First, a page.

A perfect storm? Disclosure obligations post-GDPR in employers’ liability claims
Insurers face challenges investigating claims due to companies’ anxieties over data protection and fear of breaching data management obligations, accentuated by the advent of the General Data Protection Regulation (GDPR) and the Data Protection Act 2018 (DPA).
At the same time, defendant companies are under a legal duty to identify and disclose documents relevant to the issues in a case, and insurers must assess liability quickly following the presentation of a claim. They cannot do this without access to data held by their insured, which invariably requires the processing of personal data.
These apparently competing objectives are causing increasing difficulties for insurers.
‘Personal data’ under the DPA means information about a living individual from which they could be identified. Almost anything you do with that data counts as ‘processing’, including recording, analysing and disclosing it. Therefore, providing documentary evidence to enable an insurance company to investigate a claim will inevitably involve the processing of personal data. Furthermore, some personal data is classed as ‘special category’, for example, health information.
The processing of personal data will be lawful if the individual consents, but this is not necessarily required and may be impractical in the context of litigation. In the absence of consent, the processing will be lawful if ‘necessary’ for one of a range of purposes stated in the GDPR.
Processing personal data – when is it ‘necessary’?
If not ‘special category’, personal data processing will be considered lawful if necessary to comply with a legal obligation. A defendant company is legally obliged to disclose relevant data to the claimant. It would seem implicit in that obligation that the company is entitled to legal advice from its insurer as to which documents must be disclosed.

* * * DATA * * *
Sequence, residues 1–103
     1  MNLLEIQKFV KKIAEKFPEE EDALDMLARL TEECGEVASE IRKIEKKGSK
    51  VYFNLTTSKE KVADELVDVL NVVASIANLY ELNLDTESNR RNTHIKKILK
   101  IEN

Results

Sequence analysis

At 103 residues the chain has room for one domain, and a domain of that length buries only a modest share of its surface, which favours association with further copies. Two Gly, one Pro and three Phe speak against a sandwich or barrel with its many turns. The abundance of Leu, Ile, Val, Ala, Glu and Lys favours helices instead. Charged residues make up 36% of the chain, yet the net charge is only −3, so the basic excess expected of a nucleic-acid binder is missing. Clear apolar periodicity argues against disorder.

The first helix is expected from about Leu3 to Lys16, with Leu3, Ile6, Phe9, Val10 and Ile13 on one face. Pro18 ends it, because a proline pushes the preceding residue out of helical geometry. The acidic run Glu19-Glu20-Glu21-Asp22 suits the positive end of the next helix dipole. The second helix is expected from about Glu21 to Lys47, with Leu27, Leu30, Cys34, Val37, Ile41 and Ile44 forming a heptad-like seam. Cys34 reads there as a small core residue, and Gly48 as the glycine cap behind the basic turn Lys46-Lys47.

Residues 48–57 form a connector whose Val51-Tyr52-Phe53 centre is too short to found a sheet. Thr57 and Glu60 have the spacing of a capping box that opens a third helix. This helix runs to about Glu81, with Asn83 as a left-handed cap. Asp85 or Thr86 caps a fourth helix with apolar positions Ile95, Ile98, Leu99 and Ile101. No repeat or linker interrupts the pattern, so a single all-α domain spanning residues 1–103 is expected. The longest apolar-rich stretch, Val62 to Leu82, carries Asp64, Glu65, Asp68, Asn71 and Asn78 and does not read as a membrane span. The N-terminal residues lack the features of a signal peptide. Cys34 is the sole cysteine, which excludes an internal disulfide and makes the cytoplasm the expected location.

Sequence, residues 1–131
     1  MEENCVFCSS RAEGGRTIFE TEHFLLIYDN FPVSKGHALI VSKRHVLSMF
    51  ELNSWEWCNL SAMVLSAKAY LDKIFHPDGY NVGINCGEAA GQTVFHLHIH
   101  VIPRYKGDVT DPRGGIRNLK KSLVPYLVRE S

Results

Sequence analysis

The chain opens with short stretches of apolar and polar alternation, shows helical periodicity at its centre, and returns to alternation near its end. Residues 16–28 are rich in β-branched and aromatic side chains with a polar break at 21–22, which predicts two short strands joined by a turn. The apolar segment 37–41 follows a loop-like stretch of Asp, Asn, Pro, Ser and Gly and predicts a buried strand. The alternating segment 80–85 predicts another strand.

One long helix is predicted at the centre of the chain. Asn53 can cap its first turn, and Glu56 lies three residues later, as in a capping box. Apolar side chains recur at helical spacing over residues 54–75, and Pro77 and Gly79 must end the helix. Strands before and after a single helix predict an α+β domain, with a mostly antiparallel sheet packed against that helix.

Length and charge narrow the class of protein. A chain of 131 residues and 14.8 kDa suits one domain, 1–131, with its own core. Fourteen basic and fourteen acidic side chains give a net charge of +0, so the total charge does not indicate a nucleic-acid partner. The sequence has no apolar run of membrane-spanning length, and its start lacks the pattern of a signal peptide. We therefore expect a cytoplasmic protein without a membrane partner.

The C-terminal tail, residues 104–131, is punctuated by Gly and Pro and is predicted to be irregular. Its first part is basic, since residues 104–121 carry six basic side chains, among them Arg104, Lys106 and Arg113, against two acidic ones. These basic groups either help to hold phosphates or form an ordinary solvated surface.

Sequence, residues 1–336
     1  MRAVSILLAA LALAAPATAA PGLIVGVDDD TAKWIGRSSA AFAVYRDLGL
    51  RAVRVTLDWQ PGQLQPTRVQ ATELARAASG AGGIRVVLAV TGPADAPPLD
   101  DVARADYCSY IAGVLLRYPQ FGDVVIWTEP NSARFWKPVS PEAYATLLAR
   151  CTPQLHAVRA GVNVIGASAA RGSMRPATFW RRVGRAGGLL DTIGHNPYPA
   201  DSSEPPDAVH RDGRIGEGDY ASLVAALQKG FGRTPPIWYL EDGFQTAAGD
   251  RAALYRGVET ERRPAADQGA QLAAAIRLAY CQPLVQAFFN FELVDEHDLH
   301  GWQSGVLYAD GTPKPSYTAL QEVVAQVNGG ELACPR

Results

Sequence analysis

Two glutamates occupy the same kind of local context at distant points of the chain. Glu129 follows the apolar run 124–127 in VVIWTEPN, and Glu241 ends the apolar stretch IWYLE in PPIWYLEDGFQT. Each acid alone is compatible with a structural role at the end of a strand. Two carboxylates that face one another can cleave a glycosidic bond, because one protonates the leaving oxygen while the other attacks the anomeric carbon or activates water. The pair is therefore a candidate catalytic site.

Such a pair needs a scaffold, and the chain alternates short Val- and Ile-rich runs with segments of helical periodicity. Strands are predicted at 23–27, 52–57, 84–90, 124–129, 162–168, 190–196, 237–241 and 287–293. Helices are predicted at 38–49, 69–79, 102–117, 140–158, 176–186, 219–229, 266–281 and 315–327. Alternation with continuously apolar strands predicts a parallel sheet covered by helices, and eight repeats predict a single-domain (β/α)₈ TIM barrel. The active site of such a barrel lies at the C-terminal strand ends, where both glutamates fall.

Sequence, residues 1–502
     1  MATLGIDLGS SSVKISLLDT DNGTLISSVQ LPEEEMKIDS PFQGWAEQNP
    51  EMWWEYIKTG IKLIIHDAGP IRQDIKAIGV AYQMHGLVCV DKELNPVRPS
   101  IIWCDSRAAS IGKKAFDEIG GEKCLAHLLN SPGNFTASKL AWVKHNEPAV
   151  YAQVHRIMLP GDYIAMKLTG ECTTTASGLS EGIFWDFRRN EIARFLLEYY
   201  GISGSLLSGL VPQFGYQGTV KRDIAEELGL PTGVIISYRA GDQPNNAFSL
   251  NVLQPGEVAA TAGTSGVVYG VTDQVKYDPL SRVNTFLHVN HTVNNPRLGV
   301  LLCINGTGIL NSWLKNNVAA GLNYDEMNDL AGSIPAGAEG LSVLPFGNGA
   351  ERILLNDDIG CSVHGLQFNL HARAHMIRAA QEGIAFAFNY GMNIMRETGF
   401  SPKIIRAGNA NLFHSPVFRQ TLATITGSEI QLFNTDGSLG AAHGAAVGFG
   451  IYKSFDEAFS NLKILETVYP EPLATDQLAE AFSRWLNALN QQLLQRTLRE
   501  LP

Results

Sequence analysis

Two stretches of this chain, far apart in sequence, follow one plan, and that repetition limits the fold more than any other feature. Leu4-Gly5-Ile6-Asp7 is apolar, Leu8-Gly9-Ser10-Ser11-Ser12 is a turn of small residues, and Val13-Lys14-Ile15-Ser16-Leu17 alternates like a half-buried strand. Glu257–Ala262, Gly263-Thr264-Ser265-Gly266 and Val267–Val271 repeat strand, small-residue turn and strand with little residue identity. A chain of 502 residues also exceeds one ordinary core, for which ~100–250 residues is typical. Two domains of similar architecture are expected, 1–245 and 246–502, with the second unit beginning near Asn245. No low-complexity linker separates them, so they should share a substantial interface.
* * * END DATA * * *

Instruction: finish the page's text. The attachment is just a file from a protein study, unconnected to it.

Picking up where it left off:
Further, disclosure will be lawful if necessary because of the:
Legitimate interests pursued by the company, or a third party, except where such interests are overridden by the interests and fundamental rights and freedoms of the employee.
If ‘special category’, additional conditions must be satisfied, which include being necessary for the ‘establishment, exercise or defence of legal claims’. It seems this must apply where a company is being sued by an employee and needs to provide its insurer with appropriate disclosure to enable them to assess liability.
Exception from GDPR conditions
Even if disclosure is not covered by one of the lawful processing conditions, if the application of the GDPR conditions would prevent disclosure then, in certain exceptional circumstances, the DPA provides that the GDPR conditions do not apply.
Those exceptional circumstances include:
- When the data controller is legally obliged to make information available to the public
- When disclosure of the data is required by a rule of law or an order of the court
- Where disclosure of the data is:
- Necessary for or in connection with legal proceedings (including prospective legal proceedings)
- Necessary to obtain legal advice
- Necessary to establish, exercise or defend legal rights.
The relevance of these exceptions to insurer investigations and the provision of legal advice in the context of litigation is obvious.
Steps to follow
A defendant company must ensure that its disclosure of personal data is lawful, but this should not obstruct its ability to obtain informed legal advice when sued by an employee, or its insurer’s need to assess liability quickly and respond to a claim.
A blanket demand for written consent from the claimant is unhelpful and unnecessary. It presents a number of practical problems, including:
- Delay – especially problematic when your insurer needs to respond to the Claims Notification Form/Letter of Claim quickly
- The possibility of refusal - the claimant may refuse to provide it on the basis that it is not required.
Care is needed in relation to documents that identify other individuals, such as training records and attendance sheets. Generally, in such circumstances, the names and other identifiable information of those people not subject to the claim should be redacted. However, there may be cases where it is relevant that another individual is named. In those circumstances, it should be disclosed un-redacted and reliance placed on the exemption that it was necessary for the purpose of legal proceedings or for obtaining legal advice.
GDPR should not prevent a company obtaining proper legal advice, or their insurers being able to assess the merits of a claim. The rules on data protection are designed to place sensible structures in place to ensure that personal data is suitably protected, whilst recognising that legitimate, ‘necessary’ grounds for processing, in the absence of consent, exist.
Companies must familiarise themselves with those grounds and, in the context of litigation, have particular regard to the fact that the GDPR will consider processing necessary if required to comply with a legal obligation or to pursue their legitimate interests. Greater familiarity with the provisions should ensure that insurers’ attempts to investigate claims are not blocked, or delayed, by unfounded fear of a data breach.